To help brighten the mood for one of our colleagues who had $700 premium tickets to see The Cure play live in Auckland on Thursday, but found out three days after he'd bought them that he was coming here instead, I made a feature of The Cure music for Thursday's radio show which was particularly well received.

    Paging_transmitter_done.jpg (162175 bytes)
    The paging transmitter hardware that I completed a few weeks ago. It's not changed form at all in the past couple of weeks because I've been writing the software that drives it all. And it's hard to take an interesting photo of software development. Email me if you have a fetish for screen grabs of C source code and I'll make your day.

    Snow_clearing_deck.jpg (138833 bytes)
    Another one of those jobs that's never finished is shovelling snow from fire exits. A day after you think you're done, there's another snowfall and it looks as though you've not shovelled anything. How particularly unrewarding.

    Arrival_Heights_aurora.jpg (109844 bytes)
    Some people are still even finding the occasional thrill of getting that perfect aurora photo. This isn't one of them. The perfect aurora photo would be of someone getting something productive done instead. Snow shovelling anyone?

  • 17/7/2016: The scheduled July flight on Friday arrived after several days weather delay, bringing us one new person and increasing the number on station to 12 people. The new arrival, Steve, was with us winter last year for some project engineering work and he's back for more of the same thing for five weeks. He's most insistent on this short stay. Many of us think there's a lot more than five weeks of work for him, and for some reason things take significantly longer than you'd expect here. We think he'll end up staying until the start of main body in October, while Steve says there's no way his wife will allow that. I guess time will tell.

    As expected, the flight bought a spirit-lifting supply of fresh fruit and vegetables and yet more parts for waiting jobs.

    4th_July_Parade.jpg (157786 bytes)
    Here's a belated photo of the Americans' mid-day 4th of July parade held a couple of weeks ago. What more can you say, you've got to admire their dedicated patriotism.

    Fondue_evening.jpg (152274 bytes)
    We recently had a cheese fondue evening. For many of us, it was a fondue first. I didn't know what to expect, but in short you dip lumps of bread into a cheese sauce then eat it. I was unsure at first, the sauce smelled like sweaty socks and didn't taste that much better. Apparently it's one of those flavours that grows on you, though my final conclusion was that it's not to my taste.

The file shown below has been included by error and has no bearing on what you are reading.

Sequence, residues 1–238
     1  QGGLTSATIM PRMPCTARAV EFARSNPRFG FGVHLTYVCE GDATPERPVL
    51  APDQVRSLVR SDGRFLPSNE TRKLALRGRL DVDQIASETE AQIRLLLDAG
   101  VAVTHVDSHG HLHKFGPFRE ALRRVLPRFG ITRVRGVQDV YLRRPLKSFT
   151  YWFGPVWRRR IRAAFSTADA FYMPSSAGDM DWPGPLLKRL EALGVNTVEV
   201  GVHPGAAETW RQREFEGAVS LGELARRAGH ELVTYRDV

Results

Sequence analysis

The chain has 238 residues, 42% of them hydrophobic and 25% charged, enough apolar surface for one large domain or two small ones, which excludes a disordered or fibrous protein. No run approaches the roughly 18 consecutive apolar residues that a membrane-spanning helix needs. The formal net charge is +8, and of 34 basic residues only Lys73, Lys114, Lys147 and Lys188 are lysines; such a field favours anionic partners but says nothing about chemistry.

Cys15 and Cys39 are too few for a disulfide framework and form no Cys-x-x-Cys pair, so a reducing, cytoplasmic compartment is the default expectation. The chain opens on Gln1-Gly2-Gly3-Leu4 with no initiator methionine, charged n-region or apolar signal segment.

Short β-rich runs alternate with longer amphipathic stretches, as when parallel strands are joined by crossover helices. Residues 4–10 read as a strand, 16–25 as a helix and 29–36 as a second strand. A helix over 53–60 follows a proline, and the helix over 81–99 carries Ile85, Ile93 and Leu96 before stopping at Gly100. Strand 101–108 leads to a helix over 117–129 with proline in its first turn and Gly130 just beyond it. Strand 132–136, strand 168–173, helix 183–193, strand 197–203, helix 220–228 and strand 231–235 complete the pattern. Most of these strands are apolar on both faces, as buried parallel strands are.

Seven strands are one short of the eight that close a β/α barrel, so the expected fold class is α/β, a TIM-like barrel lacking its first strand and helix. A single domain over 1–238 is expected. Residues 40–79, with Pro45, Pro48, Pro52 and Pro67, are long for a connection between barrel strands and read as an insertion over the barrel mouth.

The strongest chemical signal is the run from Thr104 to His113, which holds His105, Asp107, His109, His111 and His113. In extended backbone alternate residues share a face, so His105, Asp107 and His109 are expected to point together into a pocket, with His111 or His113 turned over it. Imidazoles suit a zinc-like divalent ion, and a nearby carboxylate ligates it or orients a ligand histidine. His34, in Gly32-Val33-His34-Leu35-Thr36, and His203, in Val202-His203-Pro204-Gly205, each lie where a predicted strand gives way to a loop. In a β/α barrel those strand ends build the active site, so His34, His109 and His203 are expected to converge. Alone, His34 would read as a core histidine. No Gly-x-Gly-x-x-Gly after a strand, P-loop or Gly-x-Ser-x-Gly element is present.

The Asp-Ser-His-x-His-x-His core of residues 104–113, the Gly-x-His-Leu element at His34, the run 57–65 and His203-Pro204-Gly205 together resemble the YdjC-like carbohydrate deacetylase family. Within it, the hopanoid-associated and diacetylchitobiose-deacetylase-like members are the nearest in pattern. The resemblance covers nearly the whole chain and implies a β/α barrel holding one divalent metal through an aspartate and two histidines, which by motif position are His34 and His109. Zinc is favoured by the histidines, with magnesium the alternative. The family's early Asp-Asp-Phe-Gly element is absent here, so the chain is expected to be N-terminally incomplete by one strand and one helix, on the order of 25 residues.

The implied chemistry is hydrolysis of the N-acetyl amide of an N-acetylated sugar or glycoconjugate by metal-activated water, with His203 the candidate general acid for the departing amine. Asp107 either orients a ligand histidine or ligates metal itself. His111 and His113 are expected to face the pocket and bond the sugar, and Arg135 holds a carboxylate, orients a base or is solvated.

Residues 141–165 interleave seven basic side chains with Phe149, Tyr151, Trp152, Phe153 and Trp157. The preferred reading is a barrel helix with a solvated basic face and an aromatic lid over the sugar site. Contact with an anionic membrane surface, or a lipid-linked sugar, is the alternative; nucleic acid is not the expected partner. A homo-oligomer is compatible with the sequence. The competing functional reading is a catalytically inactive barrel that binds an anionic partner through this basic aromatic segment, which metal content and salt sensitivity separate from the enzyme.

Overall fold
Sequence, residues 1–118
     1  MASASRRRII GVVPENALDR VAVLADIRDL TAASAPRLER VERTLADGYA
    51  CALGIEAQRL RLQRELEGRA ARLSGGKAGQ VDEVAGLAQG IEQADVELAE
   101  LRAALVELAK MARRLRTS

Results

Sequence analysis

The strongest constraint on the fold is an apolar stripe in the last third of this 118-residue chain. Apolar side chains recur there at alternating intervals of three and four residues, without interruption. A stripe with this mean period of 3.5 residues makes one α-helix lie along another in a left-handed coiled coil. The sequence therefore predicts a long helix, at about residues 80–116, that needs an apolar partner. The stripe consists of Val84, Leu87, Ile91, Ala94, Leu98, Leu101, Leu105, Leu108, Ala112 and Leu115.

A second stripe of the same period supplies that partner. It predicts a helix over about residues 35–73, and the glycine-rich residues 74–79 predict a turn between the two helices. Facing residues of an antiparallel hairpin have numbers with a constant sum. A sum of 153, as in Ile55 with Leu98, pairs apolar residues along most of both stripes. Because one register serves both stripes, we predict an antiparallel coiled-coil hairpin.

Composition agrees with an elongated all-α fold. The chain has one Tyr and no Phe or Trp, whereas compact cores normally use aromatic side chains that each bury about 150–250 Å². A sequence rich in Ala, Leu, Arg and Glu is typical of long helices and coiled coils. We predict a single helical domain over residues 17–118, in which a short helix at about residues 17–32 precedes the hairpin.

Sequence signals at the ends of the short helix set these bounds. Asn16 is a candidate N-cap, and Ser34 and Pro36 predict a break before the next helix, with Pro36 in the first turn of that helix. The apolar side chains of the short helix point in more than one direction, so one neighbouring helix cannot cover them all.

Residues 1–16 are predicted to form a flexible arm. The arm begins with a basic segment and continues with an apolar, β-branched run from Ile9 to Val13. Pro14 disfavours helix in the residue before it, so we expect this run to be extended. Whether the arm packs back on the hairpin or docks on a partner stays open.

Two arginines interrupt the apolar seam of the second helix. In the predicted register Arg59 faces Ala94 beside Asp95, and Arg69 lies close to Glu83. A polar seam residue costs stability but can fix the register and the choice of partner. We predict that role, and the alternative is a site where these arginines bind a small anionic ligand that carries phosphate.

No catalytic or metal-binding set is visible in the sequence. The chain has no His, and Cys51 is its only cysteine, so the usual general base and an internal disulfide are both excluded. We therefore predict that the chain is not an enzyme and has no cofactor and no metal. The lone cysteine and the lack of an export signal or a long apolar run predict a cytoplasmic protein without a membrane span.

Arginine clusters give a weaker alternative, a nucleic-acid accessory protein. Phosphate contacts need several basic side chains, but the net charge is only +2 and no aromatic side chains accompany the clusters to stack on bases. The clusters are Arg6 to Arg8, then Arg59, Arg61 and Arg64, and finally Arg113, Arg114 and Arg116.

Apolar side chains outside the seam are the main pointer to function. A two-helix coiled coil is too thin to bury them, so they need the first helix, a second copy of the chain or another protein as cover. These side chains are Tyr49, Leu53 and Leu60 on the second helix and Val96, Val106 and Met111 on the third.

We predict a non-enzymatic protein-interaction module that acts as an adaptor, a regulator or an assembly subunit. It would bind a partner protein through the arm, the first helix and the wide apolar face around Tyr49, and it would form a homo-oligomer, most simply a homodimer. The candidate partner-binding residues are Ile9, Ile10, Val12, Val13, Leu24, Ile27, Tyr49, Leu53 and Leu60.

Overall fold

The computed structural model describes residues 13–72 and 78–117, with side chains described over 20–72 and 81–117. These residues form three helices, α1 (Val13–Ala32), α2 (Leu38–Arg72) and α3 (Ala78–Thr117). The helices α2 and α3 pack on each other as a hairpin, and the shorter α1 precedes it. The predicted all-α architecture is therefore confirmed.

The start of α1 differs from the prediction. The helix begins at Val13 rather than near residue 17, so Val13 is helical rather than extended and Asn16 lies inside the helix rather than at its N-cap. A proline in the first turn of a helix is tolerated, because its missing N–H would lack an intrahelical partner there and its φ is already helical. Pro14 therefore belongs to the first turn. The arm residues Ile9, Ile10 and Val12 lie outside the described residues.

Cable_inspection_14-7-16.jpg (85321 bytes)
    I performed a mid-winter inspection of the three phase power cable and fibre optic cable that runs nearly 5km from Scott Base to the Satellite Earth Station. Certain areas are known for snow accumulation which buries the cable, then the downhill snow movement pulls the cable and can cause significant damage. The work completed this summer to elevate the cable clear of these deep snow drifts appears to be working well; while the cable is under a small amount of snow in places, there's no problems with sideways pressure trying to pull the cable in half.

    Robbo-Skua_Central.jpg (141493 bytes)
    Robbo called into the McMurdo Station Skua Central, he's found himself a half-used tub of protein powder. This small building is essentially a community recycling centre. People who are leaving can donate reusable clothing, board games, books, snacks and other supplies to Skua Central and anyone can come and help themselves to anything. Almost everyone on Ross Island at some point ends up with some items of clothing from here. While it's rarely fashionable, at least it's free and certainly better than nothing.

  • 10/7/2016: As usual for this time of the year, I've got few in the way of interesting photos to display. Not only the -30C temperatures and constant darkness not make for any decent outdoor photography, there's just the regular routine of work happening inside which rarely presents a great deal of interest.